Blogging is self-defeating, here's why:
If you are a blogger, one who has a propensity to excel with your writing and appeal to readers, then eventually you will attract attention. What is frightening is being put in categories: Retired or Retiring, Conservative, Baby Boomer, Eat up with a dumbass, Money Grubber, ... now, apparently with a Gold Fetish Jones. Here is the letter of late burning my brain -- Now I am not a stand out, but an Insider... YIKES!!
"Patrick, We Miss You
You've probably heard the buzz about investing in gold. Learn why it's gaining in popularity—and why skeptics compare it to burying money in your backyard!"
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You are receiving this message because you are subscribed to the AARP Webletter. If you would like to cancel your subscription, please click here. We welcome your feedback about the newsletter, but please use our contact AARP link if you have questions about AARP or your membership."What’s Behind the Recent Gold Rush?
Shaky financial institutions and fears of inflation make a risky investment hot again
By: Michael Zielenziger | Source: AARP Bulletin Today | March 31, 2010
"What is it about gold that fascinates people?
You can’t eat it. It doesn’t pay interest. It costs money to store, and it’s heavy to carry around.
Yet its price has risen like a rocket over the past 18 months. The cost of a troy ounce jumped more than 70 percent between October 2008 and December 2009, when it topped out at $1,214.80, and this year it has hovered near $1,100. ... On March 30 it traded for $1,103.60.
“You couldn’t give it away at $700 an ounce, but at $1,200, everybody wants some gold,” said Michael J. Wright II, whose family has operated Fort Knox dealership of Alameda, a suburb of Oakland, Calif. for more than 30 years.
“When the horse is winning, people just want to climb on that horse,” adds his wife, Linda, after weighing a small nugget of dental gold and paying a customer $34 in cash. “It’s psychology and the media,” she adds. “When people get nervous about the economy, or about the future of the banks, they buy gold. They want to have something tangible they can hold on to.”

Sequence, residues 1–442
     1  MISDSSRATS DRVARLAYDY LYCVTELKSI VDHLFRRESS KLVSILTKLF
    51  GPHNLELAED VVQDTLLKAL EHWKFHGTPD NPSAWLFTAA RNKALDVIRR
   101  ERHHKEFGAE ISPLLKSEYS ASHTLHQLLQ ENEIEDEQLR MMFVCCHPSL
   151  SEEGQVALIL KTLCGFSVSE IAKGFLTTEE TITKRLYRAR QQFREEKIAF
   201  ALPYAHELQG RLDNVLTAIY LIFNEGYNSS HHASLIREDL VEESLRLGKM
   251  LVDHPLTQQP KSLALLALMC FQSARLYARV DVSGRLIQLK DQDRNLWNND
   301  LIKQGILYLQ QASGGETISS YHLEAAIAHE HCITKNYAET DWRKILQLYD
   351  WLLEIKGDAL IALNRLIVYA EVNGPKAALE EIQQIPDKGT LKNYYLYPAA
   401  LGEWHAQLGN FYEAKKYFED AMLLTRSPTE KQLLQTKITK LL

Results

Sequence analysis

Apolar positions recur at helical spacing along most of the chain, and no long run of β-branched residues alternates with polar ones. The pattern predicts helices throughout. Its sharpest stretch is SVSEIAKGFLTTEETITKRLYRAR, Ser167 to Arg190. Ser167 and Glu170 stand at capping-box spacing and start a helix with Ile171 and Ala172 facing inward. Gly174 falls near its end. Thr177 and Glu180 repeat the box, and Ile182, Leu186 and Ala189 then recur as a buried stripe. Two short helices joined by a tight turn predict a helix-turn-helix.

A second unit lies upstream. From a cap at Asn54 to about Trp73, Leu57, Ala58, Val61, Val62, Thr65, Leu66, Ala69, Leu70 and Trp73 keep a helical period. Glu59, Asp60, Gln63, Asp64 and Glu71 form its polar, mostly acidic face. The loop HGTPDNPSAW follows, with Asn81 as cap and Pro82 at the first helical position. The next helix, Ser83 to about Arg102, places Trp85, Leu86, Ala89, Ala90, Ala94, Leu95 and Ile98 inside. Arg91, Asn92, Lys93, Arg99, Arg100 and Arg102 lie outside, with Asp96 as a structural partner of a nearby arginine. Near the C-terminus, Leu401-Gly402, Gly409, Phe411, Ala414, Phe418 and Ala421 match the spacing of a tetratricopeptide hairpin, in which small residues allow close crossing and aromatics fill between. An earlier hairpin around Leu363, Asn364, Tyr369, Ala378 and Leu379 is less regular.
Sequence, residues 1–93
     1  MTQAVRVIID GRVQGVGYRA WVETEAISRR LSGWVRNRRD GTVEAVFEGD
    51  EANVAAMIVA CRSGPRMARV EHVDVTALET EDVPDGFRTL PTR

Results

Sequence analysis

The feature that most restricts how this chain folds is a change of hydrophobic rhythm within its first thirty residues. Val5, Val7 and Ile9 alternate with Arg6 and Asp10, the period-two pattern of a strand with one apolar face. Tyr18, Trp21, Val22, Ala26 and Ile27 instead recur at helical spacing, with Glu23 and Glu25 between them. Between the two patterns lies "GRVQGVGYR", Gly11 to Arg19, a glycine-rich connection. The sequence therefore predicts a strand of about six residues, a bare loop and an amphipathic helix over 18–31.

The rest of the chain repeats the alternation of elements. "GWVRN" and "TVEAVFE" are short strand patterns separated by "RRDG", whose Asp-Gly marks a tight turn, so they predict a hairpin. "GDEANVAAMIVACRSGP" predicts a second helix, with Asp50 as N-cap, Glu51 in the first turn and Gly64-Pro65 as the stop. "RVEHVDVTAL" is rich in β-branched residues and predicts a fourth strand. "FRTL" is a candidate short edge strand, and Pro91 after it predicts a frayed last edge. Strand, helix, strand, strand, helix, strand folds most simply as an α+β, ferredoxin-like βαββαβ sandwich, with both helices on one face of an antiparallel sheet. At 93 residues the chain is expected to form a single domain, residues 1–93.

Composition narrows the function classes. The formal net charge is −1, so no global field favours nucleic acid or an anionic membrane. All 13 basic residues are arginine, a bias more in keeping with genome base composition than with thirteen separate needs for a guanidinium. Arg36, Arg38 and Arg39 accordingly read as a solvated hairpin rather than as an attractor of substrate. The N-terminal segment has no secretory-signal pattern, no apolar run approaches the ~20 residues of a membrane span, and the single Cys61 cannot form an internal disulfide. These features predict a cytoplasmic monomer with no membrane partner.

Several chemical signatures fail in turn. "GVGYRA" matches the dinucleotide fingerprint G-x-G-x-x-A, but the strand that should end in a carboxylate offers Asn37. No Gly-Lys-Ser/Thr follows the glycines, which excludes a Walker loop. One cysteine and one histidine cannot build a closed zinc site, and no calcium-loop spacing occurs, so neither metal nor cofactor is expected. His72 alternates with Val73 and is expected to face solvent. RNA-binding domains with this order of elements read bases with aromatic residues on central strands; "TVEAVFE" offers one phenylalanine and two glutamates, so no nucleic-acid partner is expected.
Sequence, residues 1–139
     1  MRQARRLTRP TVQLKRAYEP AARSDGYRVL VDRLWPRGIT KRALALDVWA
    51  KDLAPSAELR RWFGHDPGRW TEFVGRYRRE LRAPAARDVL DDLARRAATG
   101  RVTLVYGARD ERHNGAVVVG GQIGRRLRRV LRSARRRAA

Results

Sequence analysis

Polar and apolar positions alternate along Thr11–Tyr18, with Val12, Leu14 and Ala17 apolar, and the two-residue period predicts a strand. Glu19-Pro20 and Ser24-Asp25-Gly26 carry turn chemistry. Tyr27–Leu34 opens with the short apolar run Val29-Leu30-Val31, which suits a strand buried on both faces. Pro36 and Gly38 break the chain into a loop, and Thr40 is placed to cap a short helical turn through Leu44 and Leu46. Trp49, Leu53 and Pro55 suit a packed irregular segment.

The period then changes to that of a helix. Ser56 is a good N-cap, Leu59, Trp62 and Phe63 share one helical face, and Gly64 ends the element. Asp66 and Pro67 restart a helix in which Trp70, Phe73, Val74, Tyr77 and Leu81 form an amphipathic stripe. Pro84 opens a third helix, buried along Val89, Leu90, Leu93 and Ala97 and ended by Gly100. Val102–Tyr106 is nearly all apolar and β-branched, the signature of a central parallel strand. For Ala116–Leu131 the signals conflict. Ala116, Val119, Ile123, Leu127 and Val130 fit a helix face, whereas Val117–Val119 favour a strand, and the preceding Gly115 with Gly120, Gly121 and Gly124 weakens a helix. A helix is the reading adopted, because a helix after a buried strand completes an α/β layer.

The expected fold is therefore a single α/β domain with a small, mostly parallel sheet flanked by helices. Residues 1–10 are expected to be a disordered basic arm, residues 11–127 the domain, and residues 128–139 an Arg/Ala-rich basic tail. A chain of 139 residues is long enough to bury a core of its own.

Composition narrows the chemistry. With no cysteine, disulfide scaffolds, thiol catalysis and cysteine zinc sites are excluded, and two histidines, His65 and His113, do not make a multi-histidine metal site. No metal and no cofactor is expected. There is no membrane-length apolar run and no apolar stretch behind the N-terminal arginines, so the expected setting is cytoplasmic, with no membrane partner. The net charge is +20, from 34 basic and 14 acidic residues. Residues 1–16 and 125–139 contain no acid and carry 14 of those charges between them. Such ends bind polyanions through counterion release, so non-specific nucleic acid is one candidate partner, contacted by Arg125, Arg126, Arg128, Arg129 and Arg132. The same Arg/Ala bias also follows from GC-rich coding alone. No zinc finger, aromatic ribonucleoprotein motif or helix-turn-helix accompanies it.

A popular investment in conservative circles
In the 24-hour universe of cable television and radio, the pitch seems almost ubiquitous. Tune in to conservative talk-show hosts Michael Savage and Laura Ingraham, or to Fox News commentators Bill O’Reilly and Glenn Beck, and you are likely to be bombarded with pitches about the safety of owning gold, usually in the form of bullion coins.
Ads pushing gold point to the shrinking value of the U.S. dollar against foreign currencies, rising budget deficits and massive government spending as sure signs that gold remains the best investment money can buy.
“When the system eventually collapses, and the government comes with guns and confiscates, you know, everything in your home and all your possessions, and then you fight off the raving mad cannibalistic crowds that Ted Turner talked about, don’t come crying to me,” Beck has said. “I told you: Get gold.”Critics note that Beck and other gold bugs also appear as paid spokesmen in gold dealers’ ads.
A shield against inflation?
“People seem very, very fearful of inflation, even though there are no signs of it yet,” Potts said. “Our customers are saying that when you do $3 trillion a year of government spending, inflation has got to be lurking just around the corner. And what’s unusual this time is that people seem less worried about a return on their investment. They just seem to be looking for financial insurance—protection.”... December 2008, ... the metal was selling for $749 an ounce,... Even though prices have declined from their peak, they’re still around $1,100 per ounce.
To skeptics, buying gold seems the equivalent of burying money in your backyard. It doesn’t provide dividends or help create new jobs like investing in a company’s common stock.
Michael Zielenziger writes about business and the economy. He lives in the San Francisco Bay area (Gold and precious metals are measured by the “troy ounce,” which is slightly more than an ounce at the grocery store.)